I found a grammar rule about when to choose "who" and "whom".

Rule. Use this he/him method to decide whether who or whom is correct:

he = who

him = whom

So I have a question about correctness of the following question:

Who should I give this job to?

According to this rule we should have used whom instead of who, because I should give this job to him, not I should give this job to he. But there's a man who keeps telling me that

Whom should I give this job to?

is wrong. Please clarify?

  • 3
    "Whom" is correct. It is the proper usage of the objective pronoun. Although the term is currently in flux, it is desirable--at least in my humble opinion--that the "formal" or, perhaps more appropriately, historically correct form be used wherever possible. In that case, "whom."
    – franklin
    May 30, 2015 at 16:05

4 Answers 4


In modern colloquial English, "who" is always okay. In your example, you have correctly applied the rule for old-fashioned and formal English -- it would be "Whom should I give the job to?", or perhaps better (in that style): "To whom should I give the job?" (But "To who should I give the job?" sounds wrong.)

  • 1
    Hi, Greg, I think your answer, "In modern colloquial English, "who" is always okay." could be a little misleading even though I fully understand what you mean. Why not change it to "... always okay except that it follows a preposition"?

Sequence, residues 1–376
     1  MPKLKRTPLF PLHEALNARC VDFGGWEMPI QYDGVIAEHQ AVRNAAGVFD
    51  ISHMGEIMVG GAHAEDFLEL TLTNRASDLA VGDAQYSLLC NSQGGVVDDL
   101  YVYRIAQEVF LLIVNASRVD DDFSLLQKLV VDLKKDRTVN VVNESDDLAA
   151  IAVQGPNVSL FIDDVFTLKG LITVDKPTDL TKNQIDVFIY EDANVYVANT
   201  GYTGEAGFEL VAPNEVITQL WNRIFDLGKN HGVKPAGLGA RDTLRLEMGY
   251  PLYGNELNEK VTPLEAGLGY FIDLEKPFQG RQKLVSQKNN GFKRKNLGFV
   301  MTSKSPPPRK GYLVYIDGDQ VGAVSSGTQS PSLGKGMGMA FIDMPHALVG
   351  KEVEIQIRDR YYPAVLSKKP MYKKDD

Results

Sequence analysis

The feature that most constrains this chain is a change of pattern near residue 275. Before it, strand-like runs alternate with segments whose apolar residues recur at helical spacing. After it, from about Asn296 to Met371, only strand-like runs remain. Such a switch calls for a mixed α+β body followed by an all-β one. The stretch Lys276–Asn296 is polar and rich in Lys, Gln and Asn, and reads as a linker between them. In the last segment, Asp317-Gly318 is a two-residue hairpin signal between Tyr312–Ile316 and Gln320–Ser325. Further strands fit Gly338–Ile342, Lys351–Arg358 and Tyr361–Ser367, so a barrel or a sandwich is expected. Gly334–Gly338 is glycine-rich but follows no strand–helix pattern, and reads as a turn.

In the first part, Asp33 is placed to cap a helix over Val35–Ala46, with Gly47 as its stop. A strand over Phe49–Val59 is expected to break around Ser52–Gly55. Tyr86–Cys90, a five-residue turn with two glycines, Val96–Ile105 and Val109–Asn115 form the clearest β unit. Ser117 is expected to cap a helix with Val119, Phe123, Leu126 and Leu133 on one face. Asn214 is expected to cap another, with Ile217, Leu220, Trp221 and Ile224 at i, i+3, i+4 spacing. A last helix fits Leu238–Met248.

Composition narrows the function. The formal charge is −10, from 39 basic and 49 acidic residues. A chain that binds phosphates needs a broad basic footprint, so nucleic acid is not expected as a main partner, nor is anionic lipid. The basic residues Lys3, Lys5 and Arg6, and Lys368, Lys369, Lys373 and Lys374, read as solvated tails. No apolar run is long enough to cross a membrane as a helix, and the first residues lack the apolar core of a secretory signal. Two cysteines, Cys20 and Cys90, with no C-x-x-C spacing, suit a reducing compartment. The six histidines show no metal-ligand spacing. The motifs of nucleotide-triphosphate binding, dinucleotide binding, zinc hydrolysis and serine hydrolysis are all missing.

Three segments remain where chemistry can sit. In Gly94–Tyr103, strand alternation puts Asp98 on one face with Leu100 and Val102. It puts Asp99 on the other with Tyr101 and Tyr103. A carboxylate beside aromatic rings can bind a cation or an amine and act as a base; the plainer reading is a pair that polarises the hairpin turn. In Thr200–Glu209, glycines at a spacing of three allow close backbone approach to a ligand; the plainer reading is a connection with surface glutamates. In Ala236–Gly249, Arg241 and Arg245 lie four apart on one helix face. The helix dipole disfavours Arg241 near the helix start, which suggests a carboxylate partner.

– user140086
    Feb 20, 2016 at 15:37
  • 1
    @Rathony, Okay, I added a note about this. However, I think in some circumstances "to who" sounds pretty good. If someone tells you to give a book away, you could ask, "To who?"
    – Greg Lee
    Feb 20, 2016 at 18:05
  • 1
    Great. I just upvoted your answer. To who sounds correct. So there is no hard and fast rule. :-)
    – user140086
    Feb 20, 2016 at 18:08

Greg pointed the right solution : By using to whom, you must put "whom". In US colloquial speech we use who for whom & it's fine. But here, "To whom" sounds the best version.

Plus, this "Whom" is object to receive the job, so as it is not active, it should not be "Who" whatever we may say today.


If you choose the tag "whom" you'll find about 50 posts about the topic whom or who. "whom" is the normal accusative but language is changing and in spoken language the m of whom is dropped due to the fact that in English nominative and accusative have the same form with the exception of a handful of personal pronouns (special accusatives: me him her us them). And in written language whom is becoming formal.


Indeed, to make it easier now, we use who for whom except in cases with subordonate or complex constructions which are not always found in formal speech : "A pom pom girl gets in then sees the WR with whom she has an affair". But if you'd use nominative for accusative, who for whom : beware ! "A receiver on who the QB can rely" is wrong ; as it must be on whom even with relatives because a preposition is preceding the object.

  • 1
    Do you need to write another post to answer the same question? Why not edit your previous answer?
    – user140086
    Feb 20, 2016 at 14:30
  • Yes Rathony, because the 2nd post is dealing about complex constructions ; the 1st. one was for direct speech.
    – DAVE
    Feb 20, 2016 at 14:41
  • 1
    The poster didn't ask about who/whom in a complex sentence. The question is about the interrogative pronoun who/whom, not the relative pronoun who/whom.
    – user140086
    Feb 20, 2016 at 14:44
  • I also understood the question but Greg wrote "who" is ALWAYS okay ; so I thought we had to make this precision in a 2nd post.
    – DAVE
    Feb 20, 2016 at 15:35

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